The UK notched a dubious milestone in July, becoming the first major country to record double-digit inflation (broadly rising prices across the economy) this year. The Consumer Price Index’s 10.1% y/y rate is the fastest since 1982, and the Office for National Statistics (ONS) estimates it is just the fourth trip over 10% in 70 years.[i] This is obviously not good news, not least because essential goods and services—food, petrol, household energy—fuelled much of the rise.[ii] But even excluding food and energy, core inflation accelerated to 6.2% y/y, driving commentators we follow to warn entrenched price hikes will hit consumer spending hard—and likely give UK stocks a nasty recession to price in.[iii] In our view, a UK recession is possible and could already be underway. But we see reasons to think reality has a higher likelihood of going better than analysts we follow foresee, not worse.
With that said, we think inflation is quite likely to accelerate from here due to the forthcoming rise in the default household energy tariff, which energy regulator Ofgem is due to announce next week and will take effect in October. Some researchers anticipate it will double the current ceiling in order to reduce the risk of more suppliers going bust if power is in short supply this winter. The Bank of England (BoE) projects the cap increase will cause inflation to pass 13% y/y in October—a forecast some commentators we follow warn is too optimistic.[iv] Labour market data released earlier this week showed real (meaning, inflation-adjusted) wages falling at the fastest rate in the dataset’s short history over the three months ending in June (-3.0% y/y), a figure that doesn’t account for either the forthcoming price cap hike or the fact that income tax bands currently aren’t indexed to inflation.[v] So we can understand why observers suggest the consumer spending outlook is bleak.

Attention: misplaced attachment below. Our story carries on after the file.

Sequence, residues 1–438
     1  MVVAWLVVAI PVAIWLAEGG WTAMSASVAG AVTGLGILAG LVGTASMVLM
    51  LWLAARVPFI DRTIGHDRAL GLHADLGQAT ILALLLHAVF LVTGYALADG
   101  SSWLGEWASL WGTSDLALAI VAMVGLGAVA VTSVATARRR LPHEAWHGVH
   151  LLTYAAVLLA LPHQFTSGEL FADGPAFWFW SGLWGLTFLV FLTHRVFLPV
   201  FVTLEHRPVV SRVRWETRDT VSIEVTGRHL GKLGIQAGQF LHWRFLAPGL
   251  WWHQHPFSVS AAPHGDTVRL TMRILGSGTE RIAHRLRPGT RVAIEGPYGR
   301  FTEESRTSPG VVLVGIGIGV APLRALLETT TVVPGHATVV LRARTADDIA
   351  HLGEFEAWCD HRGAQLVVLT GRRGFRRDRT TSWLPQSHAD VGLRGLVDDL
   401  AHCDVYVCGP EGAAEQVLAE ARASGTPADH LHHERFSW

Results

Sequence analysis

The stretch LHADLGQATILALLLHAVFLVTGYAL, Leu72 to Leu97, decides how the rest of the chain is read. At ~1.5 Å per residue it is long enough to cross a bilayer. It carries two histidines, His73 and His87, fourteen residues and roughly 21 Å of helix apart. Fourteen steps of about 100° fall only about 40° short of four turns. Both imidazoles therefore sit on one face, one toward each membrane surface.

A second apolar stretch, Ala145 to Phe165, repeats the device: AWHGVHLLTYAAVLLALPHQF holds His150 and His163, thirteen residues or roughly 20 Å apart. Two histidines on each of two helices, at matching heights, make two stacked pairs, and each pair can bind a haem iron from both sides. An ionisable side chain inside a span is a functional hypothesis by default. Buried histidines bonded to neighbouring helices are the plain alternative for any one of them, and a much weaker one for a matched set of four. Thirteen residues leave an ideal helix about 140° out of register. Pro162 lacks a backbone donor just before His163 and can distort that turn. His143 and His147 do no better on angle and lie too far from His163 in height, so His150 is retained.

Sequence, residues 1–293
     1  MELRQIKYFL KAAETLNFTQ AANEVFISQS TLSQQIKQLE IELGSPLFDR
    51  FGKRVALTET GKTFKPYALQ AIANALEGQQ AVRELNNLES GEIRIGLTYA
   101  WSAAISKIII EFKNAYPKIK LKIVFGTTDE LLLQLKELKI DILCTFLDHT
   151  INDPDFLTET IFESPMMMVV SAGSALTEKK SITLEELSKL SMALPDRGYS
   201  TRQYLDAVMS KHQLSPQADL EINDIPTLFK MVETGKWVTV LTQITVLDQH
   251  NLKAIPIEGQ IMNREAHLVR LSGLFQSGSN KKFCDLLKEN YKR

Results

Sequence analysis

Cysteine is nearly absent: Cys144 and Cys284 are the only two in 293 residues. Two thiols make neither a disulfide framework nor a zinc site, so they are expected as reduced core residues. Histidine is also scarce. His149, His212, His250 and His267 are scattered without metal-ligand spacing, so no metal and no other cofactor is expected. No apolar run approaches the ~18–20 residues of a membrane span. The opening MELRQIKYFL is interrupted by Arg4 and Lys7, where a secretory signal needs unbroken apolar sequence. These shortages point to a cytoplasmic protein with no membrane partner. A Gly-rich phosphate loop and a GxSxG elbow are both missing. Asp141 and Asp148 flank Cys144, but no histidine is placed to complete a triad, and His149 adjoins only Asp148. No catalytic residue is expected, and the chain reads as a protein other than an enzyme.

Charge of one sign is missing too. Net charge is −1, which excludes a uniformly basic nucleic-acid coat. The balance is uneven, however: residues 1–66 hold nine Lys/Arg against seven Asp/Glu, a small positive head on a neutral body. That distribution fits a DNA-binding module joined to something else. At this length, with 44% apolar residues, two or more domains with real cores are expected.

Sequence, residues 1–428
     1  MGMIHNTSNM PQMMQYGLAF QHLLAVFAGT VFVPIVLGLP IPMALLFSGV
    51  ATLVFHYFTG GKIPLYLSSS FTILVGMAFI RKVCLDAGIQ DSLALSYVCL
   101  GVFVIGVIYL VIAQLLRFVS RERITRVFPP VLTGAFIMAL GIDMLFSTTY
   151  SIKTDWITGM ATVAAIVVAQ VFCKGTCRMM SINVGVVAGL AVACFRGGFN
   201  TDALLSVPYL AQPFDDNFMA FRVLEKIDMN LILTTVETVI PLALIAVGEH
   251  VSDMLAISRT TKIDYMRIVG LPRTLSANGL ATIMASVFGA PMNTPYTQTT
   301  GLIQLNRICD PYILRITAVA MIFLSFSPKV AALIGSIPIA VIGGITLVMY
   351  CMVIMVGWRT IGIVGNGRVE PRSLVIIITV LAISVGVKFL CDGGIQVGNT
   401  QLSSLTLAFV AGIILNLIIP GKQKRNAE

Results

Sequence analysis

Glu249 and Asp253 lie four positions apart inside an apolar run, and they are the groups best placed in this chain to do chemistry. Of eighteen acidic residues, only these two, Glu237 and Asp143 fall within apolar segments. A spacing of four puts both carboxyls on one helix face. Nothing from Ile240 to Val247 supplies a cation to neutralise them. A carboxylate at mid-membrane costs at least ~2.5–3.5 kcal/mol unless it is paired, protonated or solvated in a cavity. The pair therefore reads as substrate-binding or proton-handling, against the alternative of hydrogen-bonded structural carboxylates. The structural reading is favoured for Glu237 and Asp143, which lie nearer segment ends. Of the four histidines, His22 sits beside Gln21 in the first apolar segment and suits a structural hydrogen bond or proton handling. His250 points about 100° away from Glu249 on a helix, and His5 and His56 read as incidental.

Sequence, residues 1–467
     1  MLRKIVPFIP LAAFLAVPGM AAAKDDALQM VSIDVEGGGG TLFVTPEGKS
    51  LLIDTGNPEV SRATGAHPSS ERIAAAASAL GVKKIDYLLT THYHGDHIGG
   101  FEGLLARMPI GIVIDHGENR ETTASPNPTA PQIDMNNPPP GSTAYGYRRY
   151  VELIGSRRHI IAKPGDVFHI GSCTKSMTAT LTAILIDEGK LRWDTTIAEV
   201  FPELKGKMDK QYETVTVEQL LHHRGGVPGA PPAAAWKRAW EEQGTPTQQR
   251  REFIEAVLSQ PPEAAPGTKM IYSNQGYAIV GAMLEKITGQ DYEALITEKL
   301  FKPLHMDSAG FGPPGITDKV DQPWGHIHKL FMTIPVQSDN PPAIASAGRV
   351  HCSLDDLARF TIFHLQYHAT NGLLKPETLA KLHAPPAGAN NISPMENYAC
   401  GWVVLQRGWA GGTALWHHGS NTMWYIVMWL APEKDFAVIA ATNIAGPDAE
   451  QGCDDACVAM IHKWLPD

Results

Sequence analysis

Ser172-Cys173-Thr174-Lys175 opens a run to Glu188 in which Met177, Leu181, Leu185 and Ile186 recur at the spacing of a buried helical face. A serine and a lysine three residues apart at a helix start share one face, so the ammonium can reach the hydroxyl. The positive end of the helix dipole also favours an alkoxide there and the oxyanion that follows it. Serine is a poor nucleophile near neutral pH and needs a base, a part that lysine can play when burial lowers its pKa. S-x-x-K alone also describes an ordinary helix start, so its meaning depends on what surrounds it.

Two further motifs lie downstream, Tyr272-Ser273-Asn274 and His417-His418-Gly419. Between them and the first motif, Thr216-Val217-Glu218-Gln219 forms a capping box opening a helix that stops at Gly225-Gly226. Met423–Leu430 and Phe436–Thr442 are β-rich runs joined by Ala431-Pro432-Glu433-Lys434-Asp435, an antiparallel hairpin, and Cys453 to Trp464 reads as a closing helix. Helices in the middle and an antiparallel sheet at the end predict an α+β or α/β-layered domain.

Yet there is some history of consumer spending growing despite falling real wages. Inflation-adjusted wages fell on a year-over-year basis in every month from November 2009 through September 2014—a long, dismal stretch of seemingly falling living standards. The peak-to-trough drop, using the seasonally adjusted monthly inflection points of April 2009 and June 2014, was a painful -6.0%.[vi] Yet from the end of Q1 2009 through Q2 2014, inflation-adjusted quarterly consumer spending rose 9.1%.[vii] There were some occasional quarterly contractions, but the UK didn’t slide into recession during this stretch. Lest you think spending rose only because people borrowed beyond their means, consumer credit actually fell by over £25 billion over this span.[viii] The much-discussed consumer borrowing boom came later, in the decade’s second half, by which time real wages were rising.[ix] We aren’t saying that period is a perfect analogue for now, but we think it shows falling real wages aren’t assured to sink spending.